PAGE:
Just Stop Oil protesters glue themselves to National Gallery painting and cover it with 'reimagined' version

The reimagined version 'carries a nightmare scene that demonstrates how oil will destroy our countryside'

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Two Just Stop Oil protesters have glued themselves to a painting at London gallery as they continue to call for the Government to end new oil and gas licenses.

The pair covered the original painting, John Constable’s the Hay Wain, with a reimagined version at the capital’s National Gallery.

The reimagined version “carries a nightmare scene that demonstrates how oil will destroy our countryside”, Just Stop Oil said in a statement.

They added: “The river has gone, to be replaced by a road, airplanes fill the sky, pollution belches from cities on the horizon, trees are scorched by wildfires, an old car is dumped in front of the Mill and the famous Hay Wain cart carries an old washing machine.”

Just Stop Oil protesters have glued themselves to a painting in London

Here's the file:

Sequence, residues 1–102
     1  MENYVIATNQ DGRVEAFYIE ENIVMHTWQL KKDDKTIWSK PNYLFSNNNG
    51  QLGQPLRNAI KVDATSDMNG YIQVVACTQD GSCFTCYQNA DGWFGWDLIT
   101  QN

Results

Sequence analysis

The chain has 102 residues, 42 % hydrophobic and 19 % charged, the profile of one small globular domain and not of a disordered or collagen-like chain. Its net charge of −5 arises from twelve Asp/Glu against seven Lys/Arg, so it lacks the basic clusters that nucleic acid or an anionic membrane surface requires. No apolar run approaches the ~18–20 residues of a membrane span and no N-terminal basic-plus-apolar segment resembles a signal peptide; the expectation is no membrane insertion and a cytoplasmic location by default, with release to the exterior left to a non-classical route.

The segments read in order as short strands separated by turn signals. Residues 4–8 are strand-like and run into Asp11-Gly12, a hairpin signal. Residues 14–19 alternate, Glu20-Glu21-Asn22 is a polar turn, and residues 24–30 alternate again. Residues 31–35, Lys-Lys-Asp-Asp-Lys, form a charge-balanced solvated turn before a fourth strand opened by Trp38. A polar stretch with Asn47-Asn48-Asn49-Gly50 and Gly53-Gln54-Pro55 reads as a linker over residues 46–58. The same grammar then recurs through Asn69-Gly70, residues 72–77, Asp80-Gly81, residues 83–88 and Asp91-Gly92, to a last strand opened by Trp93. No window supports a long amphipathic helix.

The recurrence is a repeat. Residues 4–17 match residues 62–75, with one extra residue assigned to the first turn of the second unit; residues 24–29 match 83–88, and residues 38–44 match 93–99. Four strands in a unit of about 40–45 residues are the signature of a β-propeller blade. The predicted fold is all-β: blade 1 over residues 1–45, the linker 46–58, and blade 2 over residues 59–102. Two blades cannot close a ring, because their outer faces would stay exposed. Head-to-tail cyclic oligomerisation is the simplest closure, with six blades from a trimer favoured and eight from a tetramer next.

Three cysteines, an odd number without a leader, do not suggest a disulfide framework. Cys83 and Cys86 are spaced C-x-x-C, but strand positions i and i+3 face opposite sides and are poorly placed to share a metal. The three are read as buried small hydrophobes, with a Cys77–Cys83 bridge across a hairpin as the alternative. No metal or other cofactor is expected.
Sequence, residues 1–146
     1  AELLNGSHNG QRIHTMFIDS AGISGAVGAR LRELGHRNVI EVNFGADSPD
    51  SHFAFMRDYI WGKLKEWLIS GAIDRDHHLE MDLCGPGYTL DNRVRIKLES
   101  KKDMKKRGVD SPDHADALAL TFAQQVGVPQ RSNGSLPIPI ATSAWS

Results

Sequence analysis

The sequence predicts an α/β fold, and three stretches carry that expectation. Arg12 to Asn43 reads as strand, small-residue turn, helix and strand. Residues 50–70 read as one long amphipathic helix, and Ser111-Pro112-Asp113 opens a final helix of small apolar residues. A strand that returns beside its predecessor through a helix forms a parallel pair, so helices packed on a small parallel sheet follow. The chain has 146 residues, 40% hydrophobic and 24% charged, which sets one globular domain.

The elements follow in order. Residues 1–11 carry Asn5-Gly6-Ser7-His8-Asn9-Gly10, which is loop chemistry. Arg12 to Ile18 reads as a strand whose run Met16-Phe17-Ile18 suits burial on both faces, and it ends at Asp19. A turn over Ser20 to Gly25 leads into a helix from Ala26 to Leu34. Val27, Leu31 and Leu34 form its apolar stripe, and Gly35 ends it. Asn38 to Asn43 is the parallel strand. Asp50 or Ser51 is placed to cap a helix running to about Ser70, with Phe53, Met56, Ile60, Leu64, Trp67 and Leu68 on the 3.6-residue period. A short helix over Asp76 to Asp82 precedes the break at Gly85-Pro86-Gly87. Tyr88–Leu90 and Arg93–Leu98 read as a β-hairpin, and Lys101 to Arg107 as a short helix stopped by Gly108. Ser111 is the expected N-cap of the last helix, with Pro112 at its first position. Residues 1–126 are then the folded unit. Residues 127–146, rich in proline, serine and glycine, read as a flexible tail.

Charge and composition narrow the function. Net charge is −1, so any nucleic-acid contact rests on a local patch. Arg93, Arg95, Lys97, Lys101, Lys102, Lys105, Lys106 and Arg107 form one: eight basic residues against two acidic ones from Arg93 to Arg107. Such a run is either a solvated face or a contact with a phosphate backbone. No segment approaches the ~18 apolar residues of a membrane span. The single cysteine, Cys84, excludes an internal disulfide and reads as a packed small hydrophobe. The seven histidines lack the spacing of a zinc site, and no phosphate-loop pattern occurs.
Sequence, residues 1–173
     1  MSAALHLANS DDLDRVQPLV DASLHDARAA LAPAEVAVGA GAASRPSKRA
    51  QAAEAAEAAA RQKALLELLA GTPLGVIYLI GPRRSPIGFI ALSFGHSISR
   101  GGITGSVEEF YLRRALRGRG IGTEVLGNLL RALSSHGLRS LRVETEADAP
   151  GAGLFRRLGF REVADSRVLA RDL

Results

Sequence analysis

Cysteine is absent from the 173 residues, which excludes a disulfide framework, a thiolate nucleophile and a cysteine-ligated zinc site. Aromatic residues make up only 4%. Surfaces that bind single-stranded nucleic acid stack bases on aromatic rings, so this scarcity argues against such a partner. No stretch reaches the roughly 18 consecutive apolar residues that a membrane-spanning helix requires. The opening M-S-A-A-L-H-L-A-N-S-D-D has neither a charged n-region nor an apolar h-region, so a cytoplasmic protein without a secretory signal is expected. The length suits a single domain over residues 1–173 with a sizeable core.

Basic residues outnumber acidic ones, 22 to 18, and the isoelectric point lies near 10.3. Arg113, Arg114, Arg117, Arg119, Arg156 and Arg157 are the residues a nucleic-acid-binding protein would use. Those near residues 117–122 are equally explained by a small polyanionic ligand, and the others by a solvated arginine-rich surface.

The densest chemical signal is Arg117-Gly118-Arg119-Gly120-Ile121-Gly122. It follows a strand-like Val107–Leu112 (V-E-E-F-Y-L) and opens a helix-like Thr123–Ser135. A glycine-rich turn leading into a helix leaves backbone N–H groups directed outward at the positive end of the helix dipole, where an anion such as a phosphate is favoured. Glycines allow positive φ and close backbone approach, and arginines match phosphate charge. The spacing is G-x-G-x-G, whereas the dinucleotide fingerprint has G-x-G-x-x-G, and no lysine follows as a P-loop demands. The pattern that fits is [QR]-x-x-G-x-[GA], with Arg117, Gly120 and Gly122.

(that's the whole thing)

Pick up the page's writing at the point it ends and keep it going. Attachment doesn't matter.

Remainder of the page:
Just Stop Oil protesters have glued themselves to a painting in London
Just Stop Oil protesters
Just Stop Oil protesters

Activist Hannah Hunt, a psychology student from Brighton said: “I’m here because our Government plans to licence 40 new UK oil and gas projects in the next few years.

“This makes them complicit in pushing the world towards an unlivable climate and in the death of billions of people in the coming decades.

“You can forget our ‘green and pleasant land’ when further oil extraction will lead to widespread crop failures which means we will be fighting for food.

Ultimately, new fossil fuels are a death project by our government. So yes there is glue on the frame of this painting but there is blood on the hands of our government.

“The disruption will end when the UK government makes a meaningful statement that it will end new oil and gas licenses.”

While 22-year-old Eben Lazarus, a music student also from Brighton: “I support Just Stop Oil, demanding an end to all new oil and gas in the UK immediately. I want to work in the arts, not disrupt them, but the situation we’re in, means we must do everything non-violently possible to prevent the total collapse of our ordered society.

“I have a number of younger siblings, the youngest are just ten and twelve, and I refuse to stand and watch them being condemned to a future of suffering, while they have no voice. Our government is failing in its fundamental duty to protect us.

“We have covered the Hay Wain with a reimagined version that illustrates the impact of our addiction to fossil fuels on our countryside. The painting is an important part of our heritage, but it is not more important than the 3.5 billion men, women and children already in danger because of the climate crisis.